published: 11 December 2018
Ethnic minority people have a greatly increased risk of being detained under the Mental Health Act 1983, even when accounting for their increased risk of receiving a diagnosis of a severe mental illness.
This fact was one of the issues that the Prime Minister Theresa May used to frame the Independent review of the Mental Health Act, which reported on Thursday 6 December 2018; a situation the review described as ‘unacceptable’.
However, while there are many positive aspirations in the recommendations made by the review, there is nothing within it that explicitly sets out to address this inequality.
While all of the provision for more patient-centred care, rights to a second opinion and to appeal, and to have an advocate, are positive (if partial) moves towards a more therapeutic approach, none of this addresses the over-representation of ethnic minority people detained under the Act.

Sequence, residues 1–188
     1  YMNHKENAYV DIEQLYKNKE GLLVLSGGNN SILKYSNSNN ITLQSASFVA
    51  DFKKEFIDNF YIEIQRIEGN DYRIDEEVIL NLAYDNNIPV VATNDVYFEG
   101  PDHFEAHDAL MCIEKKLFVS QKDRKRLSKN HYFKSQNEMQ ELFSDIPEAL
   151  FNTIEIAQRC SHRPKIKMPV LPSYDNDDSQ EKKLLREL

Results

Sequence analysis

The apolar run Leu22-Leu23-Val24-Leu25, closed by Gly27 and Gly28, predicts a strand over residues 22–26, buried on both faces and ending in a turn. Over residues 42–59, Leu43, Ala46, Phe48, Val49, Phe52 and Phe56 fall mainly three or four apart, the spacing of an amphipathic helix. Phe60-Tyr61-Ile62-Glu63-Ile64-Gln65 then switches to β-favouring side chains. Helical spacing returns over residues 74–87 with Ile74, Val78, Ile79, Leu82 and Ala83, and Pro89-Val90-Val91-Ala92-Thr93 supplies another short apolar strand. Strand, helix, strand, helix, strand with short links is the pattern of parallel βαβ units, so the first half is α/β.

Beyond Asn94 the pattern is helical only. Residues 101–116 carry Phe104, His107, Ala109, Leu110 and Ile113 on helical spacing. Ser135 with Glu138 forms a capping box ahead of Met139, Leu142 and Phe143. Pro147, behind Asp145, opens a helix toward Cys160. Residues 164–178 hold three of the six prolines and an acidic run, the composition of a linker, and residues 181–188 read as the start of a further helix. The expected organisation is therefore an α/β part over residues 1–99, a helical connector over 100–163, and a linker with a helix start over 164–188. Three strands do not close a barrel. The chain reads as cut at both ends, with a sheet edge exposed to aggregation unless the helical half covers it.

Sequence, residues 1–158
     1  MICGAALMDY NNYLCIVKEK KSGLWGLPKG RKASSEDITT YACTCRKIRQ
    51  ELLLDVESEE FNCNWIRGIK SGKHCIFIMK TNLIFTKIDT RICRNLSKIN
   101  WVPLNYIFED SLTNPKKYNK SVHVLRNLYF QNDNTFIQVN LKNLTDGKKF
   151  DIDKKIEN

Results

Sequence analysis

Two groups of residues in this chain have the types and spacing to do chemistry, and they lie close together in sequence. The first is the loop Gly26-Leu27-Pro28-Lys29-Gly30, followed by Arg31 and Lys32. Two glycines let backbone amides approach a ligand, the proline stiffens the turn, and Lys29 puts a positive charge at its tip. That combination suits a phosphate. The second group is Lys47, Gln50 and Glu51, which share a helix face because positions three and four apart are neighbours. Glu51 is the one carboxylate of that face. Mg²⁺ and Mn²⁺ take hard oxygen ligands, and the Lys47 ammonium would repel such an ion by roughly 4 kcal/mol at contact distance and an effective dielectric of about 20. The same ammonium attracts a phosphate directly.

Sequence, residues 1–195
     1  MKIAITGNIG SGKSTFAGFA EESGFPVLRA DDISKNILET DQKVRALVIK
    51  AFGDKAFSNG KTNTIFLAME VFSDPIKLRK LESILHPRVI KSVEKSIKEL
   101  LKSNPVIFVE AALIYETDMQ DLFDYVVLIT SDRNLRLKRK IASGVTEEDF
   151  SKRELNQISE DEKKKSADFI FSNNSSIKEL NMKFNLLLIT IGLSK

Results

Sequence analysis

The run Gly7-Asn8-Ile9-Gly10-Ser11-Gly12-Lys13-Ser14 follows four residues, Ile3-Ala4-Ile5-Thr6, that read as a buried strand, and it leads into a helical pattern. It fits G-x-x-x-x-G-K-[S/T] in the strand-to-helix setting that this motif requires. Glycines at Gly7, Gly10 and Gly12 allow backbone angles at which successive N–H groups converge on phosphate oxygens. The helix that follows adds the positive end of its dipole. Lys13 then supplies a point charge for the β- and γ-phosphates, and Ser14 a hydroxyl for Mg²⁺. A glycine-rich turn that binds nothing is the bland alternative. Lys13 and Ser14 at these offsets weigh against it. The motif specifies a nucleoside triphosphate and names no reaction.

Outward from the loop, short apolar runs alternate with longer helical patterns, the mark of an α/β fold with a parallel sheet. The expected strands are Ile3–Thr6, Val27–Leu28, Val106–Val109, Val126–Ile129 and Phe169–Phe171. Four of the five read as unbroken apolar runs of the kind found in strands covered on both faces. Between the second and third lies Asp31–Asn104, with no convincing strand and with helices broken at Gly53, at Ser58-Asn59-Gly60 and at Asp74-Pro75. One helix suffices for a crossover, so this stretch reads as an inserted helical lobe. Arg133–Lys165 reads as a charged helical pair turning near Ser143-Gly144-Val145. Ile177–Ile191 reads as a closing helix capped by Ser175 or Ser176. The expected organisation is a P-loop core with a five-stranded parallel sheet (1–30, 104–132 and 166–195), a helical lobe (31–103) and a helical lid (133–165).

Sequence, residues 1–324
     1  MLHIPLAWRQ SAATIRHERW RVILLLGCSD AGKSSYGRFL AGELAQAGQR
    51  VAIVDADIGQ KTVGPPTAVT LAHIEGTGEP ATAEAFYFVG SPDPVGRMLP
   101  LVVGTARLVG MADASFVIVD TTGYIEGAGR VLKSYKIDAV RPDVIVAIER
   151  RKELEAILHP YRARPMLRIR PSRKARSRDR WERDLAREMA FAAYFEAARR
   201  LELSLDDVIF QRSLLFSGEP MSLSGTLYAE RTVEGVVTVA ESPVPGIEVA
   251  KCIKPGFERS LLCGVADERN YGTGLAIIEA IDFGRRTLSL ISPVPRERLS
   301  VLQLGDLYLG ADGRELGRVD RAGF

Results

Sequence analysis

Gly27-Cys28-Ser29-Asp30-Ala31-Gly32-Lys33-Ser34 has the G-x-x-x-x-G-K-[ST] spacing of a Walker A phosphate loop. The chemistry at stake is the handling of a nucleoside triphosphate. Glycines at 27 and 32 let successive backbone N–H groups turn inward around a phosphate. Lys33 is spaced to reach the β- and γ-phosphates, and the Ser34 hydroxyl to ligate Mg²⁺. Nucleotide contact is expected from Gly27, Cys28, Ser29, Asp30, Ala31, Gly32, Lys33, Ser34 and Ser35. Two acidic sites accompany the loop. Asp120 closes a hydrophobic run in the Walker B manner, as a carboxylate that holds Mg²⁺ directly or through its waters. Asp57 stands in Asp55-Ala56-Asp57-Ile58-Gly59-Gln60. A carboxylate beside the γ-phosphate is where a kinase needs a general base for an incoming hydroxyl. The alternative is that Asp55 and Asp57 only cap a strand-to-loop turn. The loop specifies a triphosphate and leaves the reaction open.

To tackle this, the review would have needed to thoroughly consider the causes for this inequality, something that it hasn’t done. And although the review bravely raises questions of racism and discrimination, it does nothing to consider how they might be addressed, and mistakenly portrays the operation of such inequalities within mental health care as of a similar nature and extent to that in other domains of life – which is simply not the case.
It is within mental health care that these inequalities are most stark. And staff training and monitoring alone will simply not address these fundamental issues as there is more than unconscious bias involved.